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Why do we give each other gifts, and why do we wrap gifts?

There’s nothing better than giving a gift to someone you love, apart from perhaps receiving a gift from that person. The world is full of countless gift-givers and receivers, delighting each other daily with presents. Gift-giving is especially widespread on special occasions and holidays, such as Christmas, birthdays, weddings, anniversaries, confirmations, Valentine’s Day and other important life events. But the best gift is often the “just because” gift, given without any particular reason, which only makes it all the more surprising.

But what is it that makes a gift unique? How do you heighten the recipient’s sense of expectation? Can you make gift-giving a holistic experience in itself, one that already begins before the package is opened? And: Why do we give gifts to each other in the first place?

It’s precisely these questions we want to shed light on in this article. There is great brand value in making gift-giving into an experience, and perhaps this can inspire you in your choice of both packaging and packaging supplier.

Why do we give each other gifts?

Let’s start from the very beginning – and we mean way back in history, literally. In fact, according to Professor of Religious Studies at Aarhus University, Anders Klostergaard Petersen, we’re going all the way back 3.5 million years ago, when our ancestors first began exchanging gifts, e.g. in connection with atonement, acknowledgement of guilt, desire for forgiveness, or sacrifice.

In his view, the gift has always been a completely central part of human communities and has a clear function. The gift is a fundamental phenomenon that can establish, maintain and preserve connections to – and between – people.

In more recent times, gift giving has largely been interpreted as a kind gesture performed to please others. In other words, the good old relationship between a gift-giver who says “here you go”, and a gift-receiver who replies with a “thank you”.

But behind the “here you go/thank you” relationship lie a number of possible motives that justify the act of gift-giving itself. Let’s look at these a little more closely.

5 typical reasons why we give each other gifts

As a business owner, it makes sense to have a basic insight into why your customers choose to buy and give gifts. This knowledge can assist you in targeting your marketing – not least through your packaging and wrapping choices.

Here are five examples of typical reasons for gift-giving.

#1 There’s always a reason – according to tradition…

The first reason is quite simple: We give each other gifts because it’s an age-old tradition. Gift-giving is linked to major and significant events throughout our lives. As mentioned earlier, there are a multitude of occasions that call for gift-giving – from big anniversaries and milestones reached, to a stand-alone dinner party, where it’s seen as good form to bring a gift for the host/hostess.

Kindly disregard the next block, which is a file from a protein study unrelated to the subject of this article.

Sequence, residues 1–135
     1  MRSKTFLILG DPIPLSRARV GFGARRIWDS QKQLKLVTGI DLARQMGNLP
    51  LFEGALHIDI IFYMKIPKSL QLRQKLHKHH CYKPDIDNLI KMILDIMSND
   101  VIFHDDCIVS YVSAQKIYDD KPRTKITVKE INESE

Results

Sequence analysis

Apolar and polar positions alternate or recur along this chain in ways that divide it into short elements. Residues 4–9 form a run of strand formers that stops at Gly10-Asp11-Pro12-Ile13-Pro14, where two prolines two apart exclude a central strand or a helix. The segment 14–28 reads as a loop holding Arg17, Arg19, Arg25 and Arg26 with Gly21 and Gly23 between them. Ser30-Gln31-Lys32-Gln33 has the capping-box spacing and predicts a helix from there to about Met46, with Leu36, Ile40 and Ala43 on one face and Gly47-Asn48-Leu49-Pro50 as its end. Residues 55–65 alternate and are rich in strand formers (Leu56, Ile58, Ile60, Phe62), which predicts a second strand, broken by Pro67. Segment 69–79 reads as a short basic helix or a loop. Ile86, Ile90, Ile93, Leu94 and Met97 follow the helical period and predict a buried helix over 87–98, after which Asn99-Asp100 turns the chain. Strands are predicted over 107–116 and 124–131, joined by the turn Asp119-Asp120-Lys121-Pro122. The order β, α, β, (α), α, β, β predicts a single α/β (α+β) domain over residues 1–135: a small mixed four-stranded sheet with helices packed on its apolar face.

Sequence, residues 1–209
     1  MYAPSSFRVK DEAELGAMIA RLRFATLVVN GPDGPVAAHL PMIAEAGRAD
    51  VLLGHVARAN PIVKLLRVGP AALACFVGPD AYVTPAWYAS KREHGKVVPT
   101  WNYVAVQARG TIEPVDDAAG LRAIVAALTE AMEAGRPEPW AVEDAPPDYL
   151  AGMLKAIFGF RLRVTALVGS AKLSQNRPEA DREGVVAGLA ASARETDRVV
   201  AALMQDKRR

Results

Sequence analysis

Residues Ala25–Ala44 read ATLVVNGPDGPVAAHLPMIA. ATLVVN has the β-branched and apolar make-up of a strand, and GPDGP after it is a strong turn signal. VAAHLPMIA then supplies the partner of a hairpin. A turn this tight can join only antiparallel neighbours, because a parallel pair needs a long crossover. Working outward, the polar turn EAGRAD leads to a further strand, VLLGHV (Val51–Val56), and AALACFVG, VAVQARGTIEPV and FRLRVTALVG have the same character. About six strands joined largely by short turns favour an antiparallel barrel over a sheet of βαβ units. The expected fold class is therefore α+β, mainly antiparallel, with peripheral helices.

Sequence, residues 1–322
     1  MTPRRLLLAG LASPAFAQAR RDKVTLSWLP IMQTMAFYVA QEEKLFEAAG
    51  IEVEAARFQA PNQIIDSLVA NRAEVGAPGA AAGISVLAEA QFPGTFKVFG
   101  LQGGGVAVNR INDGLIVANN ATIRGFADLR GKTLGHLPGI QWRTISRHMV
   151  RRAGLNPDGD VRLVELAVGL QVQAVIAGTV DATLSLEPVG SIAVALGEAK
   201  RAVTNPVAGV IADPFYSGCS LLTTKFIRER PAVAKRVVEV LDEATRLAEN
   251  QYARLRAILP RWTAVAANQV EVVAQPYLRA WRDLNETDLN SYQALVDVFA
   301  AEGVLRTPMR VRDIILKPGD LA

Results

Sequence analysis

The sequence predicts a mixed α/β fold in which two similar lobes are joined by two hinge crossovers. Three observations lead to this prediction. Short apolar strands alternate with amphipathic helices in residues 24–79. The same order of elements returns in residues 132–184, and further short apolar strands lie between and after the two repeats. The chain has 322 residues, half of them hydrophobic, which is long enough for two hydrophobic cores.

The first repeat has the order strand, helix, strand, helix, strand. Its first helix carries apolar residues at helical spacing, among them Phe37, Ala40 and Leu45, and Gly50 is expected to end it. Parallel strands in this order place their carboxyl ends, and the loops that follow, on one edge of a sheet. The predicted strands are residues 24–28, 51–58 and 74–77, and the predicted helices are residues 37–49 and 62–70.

Even if it’s a small box of chocolates or a bottle of wine, each individual gift helps to carry on the tradition from generation to generation; a fun tradition that typically spreads joy, creates a good atmosphere, and strengthens a sense of community.

#2 To show love and to cultivate personal relationships

As Anders Klostergaard Petersen points out, for many, gift-giving is more than just the act itself. Behind this gesture is an intention to establish, strengthen and maintain personal relationships. The gift is a way to show and communicate our love, trust and connection to others. And this relationship is confirmed by the gratitude and joy returned by the recipient.

Whether the gift is taken directly from the recipient’s wish list or from the giver’s own imagination, it typically signifies something special for both gift-giver, recipient, and the personal relationship between the two.

#3 It’s the thought that counts

Most people often associate gifts with physical items that can be wrapped and then unwrapped. But in fact, the value of gift-giving does not have to be materialistic.

A gift does not have to be a physical, material product to create the expected effect on the recipient. You can easily give a gift of an intangible nature, where it is the thoughts behind the gift that create the joy in the recipient.

A gift can be, for example, a gesture or an action. It can be writing a poem, a song or the like. You can also arrange an experience that marks the festive occasion or your relationship with the recipient or donate to a charity, where it is the values and the message behind the gift that is essential.

In short: it is (often) more about the thought behind the gift that counts, rather than the product itself.

#4 The “selfish” gift – with the expectation of something in return

If you ask Anders Klostergaard Petersen, there is no gift that is 100% selfless.  In other words, we basically always give gifts bound to the expectation of receiving something in return – for example:

  • Gratitude
  • Joy
  • Trust
  • A suitable emotional response
  • Recognition of personal skills
  • A gift in return from the recipient

If you pursue this line of thinking, it’s just as much a question of “gift economy” as “gift exchange”. In other words – gift-giving that is also driven by the intention that this loving gesture will be reciprocated later on.

#5 A souvenir that will last forever